Figure 1--Little boys throughout the 18th century wore dresses like their sisters. Augustus the youngest son of George III wore dresses just like his sisters.
Europeans for centuries dressed little children, both boys and girls in the same styles of ankle-length dresses, often referred to as petticoats. For most of this time, no special clothing existed for childrn, boys or girls. Boys when they were "breeched", were simplly dressed in smaller versions of the knee breeches and other clothes worn by their fathers. Special clothes for children appeared in the late 18th centuty with distinctive styles for boys and girls. Even so, many mothers continued to dress small boys in dresses for more than a century. This fashion also became common in America and persisted well into the 20th century. Some period movies movies accurately depict the styles of various historical eras. Movies of course can vary greatly in historical accuracy. It is likely, however, that those who have gone to the trouble of depicting boys in dresses and long hair, probably ercised considerable attention to detail.
Younger European boys in Europeand America commonly wore a variety of skirted garments. Curiously, we know very few films where boys were actually costmed in dresses. We know of know filns in which boys wore pinafores. Another popular skirted style wee kilt suits, but again very few films have outfitted boys in kilt suits or Highlnd kilts. The same was true for tunics. Unlike the other skirted garments, we do know a number of films in which boys wore smocks.
It is interesting that despite the fact that 19th century boys commonly wore dresses and other skirted garmnts, they are rarely depicted in movies. We believe this is primarily because of the chornology of movies. Movies appeared at about the turn of the 20th century. This was about the time that skirted garments as well as long hair and curls began to decline in popularity for boys. When we speak of movies, it should be remembered that until 1930, most movies were silent films. Silent films, however, are mostly unknown to modern viewer. Many in fact have been lost. In terms of sound movies, boys are almost never depicted in dresses. Of course by 1930, boys were no longer commonly outfitted in dresses. We are unsure why so many historical movies portray boys in eronious costumes. Perhaps many costumers were poorly informed. Or perhaps producers thought that such costuming would not sit well with modern moviegoers, especially the boys. Some young actors may have also object to more historically accurate costumes.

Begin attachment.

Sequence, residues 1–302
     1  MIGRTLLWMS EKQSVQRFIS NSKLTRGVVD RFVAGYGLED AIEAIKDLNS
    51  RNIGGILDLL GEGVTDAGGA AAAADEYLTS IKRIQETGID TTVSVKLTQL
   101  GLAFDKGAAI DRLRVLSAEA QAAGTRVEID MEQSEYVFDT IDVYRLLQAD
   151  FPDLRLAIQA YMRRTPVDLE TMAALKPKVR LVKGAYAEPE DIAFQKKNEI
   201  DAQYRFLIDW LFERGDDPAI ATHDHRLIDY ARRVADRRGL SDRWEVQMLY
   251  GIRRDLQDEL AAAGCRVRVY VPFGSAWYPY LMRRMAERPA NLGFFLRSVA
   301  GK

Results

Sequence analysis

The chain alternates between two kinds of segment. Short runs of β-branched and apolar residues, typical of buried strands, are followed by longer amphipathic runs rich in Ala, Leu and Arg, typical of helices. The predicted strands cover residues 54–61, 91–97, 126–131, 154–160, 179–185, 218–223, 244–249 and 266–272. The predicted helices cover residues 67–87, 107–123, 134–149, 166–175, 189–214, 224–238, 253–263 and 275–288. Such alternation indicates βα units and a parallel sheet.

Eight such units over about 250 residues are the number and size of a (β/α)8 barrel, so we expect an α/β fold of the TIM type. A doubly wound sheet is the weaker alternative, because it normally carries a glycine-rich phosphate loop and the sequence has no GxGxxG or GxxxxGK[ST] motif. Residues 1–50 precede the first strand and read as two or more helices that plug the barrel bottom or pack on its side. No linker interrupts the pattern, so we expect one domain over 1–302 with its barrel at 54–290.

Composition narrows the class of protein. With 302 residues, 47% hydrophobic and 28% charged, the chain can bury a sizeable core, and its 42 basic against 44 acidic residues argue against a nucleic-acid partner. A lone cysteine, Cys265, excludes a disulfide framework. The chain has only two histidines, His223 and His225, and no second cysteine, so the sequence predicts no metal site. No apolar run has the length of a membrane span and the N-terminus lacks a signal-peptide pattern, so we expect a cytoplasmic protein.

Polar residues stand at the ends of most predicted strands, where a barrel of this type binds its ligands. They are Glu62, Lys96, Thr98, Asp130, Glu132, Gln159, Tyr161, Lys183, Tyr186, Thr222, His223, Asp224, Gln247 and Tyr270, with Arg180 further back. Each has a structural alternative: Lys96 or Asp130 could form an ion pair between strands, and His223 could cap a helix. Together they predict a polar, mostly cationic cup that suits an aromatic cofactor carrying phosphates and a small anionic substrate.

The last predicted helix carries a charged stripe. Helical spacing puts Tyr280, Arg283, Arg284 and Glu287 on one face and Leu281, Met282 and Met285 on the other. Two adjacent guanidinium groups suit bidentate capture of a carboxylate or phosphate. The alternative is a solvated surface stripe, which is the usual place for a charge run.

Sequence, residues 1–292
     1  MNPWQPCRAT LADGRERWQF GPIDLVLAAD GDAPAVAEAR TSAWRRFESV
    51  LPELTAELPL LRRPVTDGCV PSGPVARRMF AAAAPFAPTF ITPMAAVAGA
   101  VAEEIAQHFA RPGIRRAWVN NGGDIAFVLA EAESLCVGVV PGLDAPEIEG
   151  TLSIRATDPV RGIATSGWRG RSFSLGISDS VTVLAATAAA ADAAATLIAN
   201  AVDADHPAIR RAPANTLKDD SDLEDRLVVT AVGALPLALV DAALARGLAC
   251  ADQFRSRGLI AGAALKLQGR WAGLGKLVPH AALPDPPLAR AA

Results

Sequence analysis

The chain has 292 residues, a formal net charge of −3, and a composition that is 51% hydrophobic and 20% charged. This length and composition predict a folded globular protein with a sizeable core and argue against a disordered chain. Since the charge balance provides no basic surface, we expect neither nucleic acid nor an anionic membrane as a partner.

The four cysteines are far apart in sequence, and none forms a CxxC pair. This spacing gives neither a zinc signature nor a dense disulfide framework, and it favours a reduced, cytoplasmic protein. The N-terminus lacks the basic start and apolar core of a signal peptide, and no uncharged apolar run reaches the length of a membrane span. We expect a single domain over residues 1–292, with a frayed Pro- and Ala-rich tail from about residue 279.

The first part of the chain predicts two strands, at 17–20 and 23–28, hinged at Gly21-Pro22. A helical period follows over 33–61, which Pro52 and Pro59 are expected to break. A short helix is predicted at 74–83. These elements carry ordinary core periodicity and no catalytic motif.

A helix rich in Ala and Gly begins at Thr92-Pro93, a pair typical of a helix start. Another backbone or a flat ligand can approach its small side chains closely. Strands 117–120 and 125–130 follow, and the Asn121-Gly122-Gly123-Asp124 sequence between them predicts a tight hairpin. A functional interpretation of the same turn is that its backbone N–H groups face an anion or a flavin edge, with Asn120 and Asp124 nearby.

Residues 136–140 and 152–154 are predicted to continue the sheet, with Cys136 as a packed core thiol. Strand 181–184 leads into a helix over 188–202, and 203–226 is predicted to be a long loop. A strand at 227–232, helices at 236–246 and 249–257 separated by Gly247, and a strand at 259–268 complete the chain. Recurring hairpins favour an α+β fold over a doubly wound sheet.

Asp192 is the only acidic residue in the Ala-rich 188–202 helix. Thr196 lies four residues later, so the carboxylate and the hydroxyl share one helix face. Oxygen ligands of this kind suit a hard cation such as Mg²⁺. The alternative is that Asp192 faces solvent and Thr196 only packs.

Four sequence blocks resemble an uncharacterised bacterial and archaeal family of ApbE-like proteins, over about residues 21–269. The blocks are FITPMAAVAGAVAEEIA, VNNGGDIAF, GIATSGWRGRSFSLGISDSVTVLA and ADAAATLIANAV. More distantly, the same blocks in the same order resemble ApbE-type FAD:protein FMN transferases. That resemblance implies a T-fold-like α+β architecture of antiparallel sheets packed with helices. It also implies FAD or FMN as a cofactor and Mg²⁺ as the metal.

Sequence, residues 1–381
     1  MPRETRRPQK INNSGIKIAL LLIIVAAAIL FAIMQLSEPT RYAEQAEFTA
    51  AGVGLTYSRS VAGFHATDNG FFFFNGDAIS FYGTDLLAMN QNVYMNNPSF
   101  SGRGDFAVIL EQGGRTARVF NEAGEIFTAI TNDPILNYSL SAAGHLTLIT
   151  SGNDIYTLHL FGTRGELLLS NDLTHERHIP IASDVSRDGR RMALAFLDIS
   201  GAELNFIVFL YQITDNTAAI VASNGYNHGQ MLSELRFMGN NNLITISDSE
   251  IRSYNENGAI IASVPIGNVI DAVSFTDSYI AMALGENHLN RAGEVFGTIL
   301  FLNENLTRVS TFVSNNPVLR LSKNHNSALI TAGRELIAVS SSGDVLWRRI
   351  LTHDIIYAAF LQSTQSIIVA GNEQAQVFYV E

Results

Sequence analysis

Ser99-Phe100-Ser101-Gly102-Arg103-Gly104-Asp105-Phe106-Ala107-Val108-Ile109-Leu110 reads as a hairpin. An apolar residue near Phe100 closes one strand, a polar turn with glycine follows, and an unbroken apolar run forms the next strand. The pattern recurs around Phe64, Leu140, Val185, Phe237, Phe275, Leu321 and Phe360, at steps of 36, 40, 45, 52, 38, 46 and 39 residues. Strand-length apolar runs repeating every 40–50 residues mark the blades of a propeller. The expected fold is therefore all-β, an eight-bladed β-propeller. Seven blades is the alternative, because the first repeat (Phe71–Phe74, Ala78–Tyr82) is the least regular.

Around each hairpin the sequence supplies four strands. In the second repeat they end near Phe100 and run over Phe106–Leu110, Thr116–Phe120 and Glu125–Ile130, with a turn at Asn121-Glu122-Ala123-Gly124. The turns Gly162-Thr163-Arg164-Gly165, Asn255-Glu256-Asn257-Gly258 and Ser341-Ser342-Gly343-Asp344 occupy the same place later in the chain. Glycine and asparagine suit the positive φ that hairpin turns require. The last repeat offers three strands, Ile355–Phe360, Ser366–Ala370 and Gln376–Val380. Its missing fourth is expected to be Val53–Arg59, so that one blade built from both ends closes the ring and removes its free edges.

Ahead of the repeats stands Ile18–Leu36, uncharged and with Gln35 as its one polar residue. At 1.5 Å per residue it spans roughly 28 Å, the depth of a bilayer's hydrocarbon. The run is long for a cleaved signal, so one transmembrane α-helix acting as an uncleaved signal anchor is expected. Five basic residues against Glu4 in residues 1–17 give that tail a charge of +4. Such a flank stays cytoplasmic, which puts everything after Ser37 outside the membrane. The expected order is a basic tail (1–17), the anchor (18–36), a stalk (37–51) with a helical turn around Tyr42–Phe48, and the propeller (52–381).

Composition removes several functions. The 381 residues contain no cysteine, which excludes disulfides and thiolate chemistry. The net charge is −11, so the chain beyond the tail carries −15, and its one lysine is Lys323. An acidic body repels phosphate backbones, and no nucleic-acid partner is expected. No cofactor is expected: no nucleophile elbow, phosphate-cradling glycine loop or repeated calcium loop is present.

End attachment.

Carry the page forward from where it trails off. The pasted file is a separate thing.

We know very few films in which boys were outfitted in dreses reflecting the common practing of clothing younger boys in dresses and other skirted garments. Despite the paractice being almost universal (although ages varied) in America and Europe, it is very rarely reflected in period movies.
Figure 2--Here the boy Gonza wearing a dress is shown romping with his sister in the French movie, "Sunday in the Country".
HBC had thought the title of this film was "A Day in the Country". A HBC reader tells us that the title is actually "Sunday in the Country". I am not sure what the original French title was. This movie takes place probably just before or just after World War I. The main character in the movie is an old impressionist painter who lives in the country. He is expecting a visit from his son and family (2 boys and a girl) and is getting ready to walk to the railway station to meet them. The painter has two grown children, a son named Gonzo and a daughter named Irene. There are a number of conflicts in this movie between the painter and his son, the painter and his daughter, and the two children. However, I won't go into the plot. If your interested in the movie you can check it out at Blockbuster in the foreign movie section. Anyway the painter throughout the movie has flashbacks to his life when his children were at home and his wife was alive. The first of these occur when he walks out of the gate on his way to the railway station. In the background you hear children laughing and someone calling Gonzo, Gonzo, Irene, etc. Then suddenly appears two little girls. They wear very pretty dresses, more like party dresses than play dresses, and hats decorated with ribbons and flowers. The youngest girl has very long hair and the older one long hair, but cut shoulder length. The actors are of course girls, but I think the youngest represents Irene and the oldest Gonzo as young children. The old man, however, doesn't seem to recognize them. These two children reappear in the movie when the old man is out walking with his son. Of course, the old man is the only one that sees them. After they disappear from view he asks his son where they went. Later in the movie there is also a flashback scene where the painter and his wife are having a picnic on the lawn. The wife calls, Gonzo, Irene several times. Finally, two children emerge from the house, a little girl wearing a dress, and an older boy wearing a skirted suit. The boy looks to be about 10 - 12 and the girl several years younger; the same relative age difference as the two little girls (?) seen earlier in the movie. There is also a painting of two little girls which the painter keeps for sentmental reasons. I assume, his children were the models for this painting.